If your efforts go into the direction of persuading consumers about the attributes of your product instead of simply communicating them to those who already have a need and acknowledge it, you are going to lose the battle.
Even if your pen is simply wonderful, if you try to sell it to someone who is drowning, you won’t be getting anywhere.
But wait, what about branding?
It is clear that most companies see branding as an extra expense for the business. Most private investors see marketing as an additional cost to their operations, thus aren’t ready for any branding strategies.
The only way we can understand the basics of branding and marketing is by understanding what each means, and its importance in the market.
How do marketing and branding differ from each other?
To begin with, marketing can be defined as the process of promoting a service or product to attract more customers and drive sales.
Marketing is commonly referred to as a push tactic that involves urging customers to try the company’s products and services.
Marketers tend to vouch for their products by pointing out the negatives in their competitor’s products.
Marketing is all about promoting products and services by wooing potential customers into trying your products.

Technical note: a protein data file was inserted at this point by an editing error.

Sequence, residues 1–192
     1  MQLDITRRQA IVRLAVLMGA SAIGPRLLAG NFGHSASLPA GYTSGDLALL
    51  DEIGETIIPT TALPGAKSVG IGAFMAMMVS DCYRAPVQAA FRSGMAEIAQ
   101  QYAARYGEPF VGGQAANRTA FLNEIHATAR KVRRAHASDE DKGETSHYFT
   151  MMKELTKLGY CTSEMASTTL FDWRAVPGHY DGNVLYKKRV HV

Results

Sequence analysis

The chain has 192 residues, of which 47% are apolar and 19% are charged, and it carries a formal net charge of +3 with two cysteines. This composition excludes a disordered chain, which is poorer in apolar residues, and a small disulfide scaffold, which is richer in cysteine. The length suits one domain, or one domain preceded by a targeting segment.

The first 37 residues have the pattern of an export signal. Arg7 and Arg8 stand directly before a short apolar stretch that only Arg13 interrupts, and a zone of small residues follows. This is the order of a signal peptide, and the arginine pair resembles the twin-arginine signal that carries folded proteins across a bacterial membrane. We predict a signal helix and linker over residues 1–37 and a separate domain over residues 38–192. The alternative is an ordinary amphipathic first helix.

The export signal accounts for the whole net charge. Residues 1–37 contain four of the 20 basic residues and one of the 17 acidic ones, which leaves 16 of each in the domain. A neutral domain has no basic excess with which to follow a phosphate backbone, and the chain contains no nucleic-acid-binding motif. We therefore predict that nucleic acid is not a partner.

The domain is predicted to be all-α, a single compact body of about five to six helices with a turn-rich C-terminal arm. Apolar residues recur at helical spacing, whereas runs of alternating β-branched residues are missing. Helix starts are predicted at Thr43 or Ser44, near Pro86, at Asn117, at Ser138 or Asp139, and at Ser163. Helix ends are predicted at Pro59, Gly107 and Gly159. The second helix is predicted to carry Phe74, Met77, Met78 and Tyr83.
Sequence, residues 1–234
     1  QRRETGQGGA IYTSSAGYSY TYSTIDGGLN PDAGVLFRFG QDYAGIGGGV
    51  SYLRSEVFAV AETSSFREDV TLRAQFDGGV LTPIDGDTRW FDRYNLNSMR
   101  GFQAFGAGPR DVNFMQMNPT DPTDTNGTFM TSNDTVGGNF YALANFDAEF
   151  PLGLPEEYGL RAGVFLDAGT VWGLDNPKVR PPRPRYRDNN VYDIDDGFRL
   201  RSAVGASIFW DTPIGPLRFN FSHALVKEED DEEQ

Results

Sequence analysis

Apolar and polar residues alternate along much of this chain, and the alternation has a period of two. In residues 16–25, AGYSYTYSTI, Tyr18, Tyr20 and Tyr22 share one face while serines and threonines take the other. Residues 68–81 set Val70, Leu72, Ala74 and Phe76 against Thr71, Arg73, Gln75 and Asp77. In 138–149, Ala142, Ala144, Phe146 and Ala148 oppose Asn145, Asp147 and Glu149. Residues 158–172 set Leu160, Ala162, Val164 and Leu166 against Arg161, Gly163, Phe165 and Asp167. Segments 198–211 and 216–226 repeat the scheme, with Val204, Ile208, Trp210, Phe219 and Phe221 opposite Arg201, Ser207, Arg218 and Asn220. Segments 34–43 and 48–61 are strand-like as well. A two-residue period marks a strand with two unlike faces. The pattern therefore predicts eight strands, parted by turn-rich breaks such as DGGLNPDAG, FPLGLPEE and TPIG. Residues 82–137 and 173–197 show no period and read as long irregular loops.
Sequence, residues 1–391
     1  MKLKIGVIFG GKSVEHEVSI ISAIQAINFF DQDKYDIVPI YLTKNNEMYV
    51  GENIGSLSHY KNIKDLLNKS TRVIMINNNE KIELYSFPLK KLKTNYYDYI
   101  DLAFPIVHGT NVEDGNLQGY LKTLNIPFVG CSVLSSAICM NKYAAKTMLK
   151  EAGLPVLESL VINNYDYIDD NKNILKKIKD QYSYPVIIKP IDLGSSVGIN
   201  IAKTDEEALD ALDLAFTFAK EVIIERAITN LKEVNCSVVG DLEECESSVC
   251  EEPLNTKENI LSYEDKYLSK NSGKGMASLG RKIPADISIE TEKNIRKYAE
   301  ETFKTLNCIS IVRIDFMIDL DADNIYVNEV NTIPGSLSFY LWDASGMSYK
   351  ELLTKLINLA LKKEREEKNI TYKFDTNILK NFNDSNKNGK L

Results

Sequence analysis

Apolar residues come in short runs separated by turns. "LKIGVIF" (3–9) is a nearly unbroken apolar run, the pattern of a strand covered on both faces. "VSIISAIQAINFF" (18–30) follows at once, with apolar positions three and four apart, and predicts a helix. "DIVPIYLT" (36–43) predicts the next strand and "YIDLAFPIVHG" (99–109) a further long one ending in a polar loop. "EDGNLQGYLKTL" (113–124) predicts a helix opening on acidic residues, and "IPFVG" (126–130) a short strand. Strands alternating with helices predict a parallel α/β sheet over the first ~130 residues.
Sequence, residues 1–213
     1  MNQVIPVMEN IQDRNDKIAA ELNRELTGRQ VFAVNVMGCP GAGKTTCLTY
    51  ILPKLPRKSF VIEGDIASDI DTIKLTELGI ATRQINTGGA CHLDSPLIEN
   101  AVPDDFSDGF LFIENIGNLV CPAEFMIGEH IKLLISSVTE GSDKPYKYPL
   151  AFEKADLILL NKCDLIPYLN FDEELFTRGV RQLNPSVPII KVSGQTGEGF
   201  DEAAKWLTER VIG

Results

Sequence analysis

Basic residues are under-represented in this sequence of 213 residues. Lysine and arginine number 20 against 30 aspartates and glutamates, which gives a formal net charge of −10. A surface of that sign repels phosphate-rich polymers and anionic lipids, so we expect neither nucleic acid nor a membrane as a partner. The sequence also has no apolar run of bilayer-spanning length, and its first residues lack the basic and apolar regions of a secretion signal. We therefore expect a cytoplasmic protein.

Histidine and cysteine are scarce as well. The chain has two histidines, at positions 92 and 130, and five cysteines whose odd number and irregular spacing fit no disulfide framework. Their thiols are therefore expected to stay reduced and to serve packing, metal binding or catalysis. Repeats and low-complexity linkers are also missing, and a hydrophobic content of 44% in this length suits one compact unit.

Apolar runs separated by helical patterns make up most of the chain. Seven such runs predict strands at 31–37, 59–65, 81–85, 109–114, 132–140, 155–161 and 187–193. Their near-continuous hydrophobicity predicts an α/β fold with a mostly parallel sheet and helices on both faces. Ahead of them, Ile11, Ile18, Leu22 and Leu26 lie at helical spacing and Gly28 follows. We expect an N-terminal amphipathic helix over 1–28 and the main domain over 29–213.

This makes it a lot different from branding.
Branding, however, is about pulling potential customers into using a product.
Branding can be best defined as the value of a company, product, organization or service, and an expression of the essential truth.
Branding is all about communicating the values, attributes and characteristics that clarify a particular brand.
Branding encourages people, especially loyal customers buy an individual product regardless of the marketing and sales campaigns in play.
Branding mainly focuses on enabling customers understand what a product is, and doesn’t push customers into buying the product if they aren’t interested.
Branding, therefore, gives the customer control over what products they wish to buy. It also cultivates loyalty in customers as they know what to expect from a particular brand.
Although marketing may contribute to a brand’s popularity, the brand is much bigger and more influential that any marketing effort or strategy. It is the brand that remains after a marketing campaign is over.
The brand name sticks in the audience’s or customers mind much faster and longer.
Marketing campaigns, however, stick for a few days, then fade off, while brands linger on for as long as the products are available and in good quality.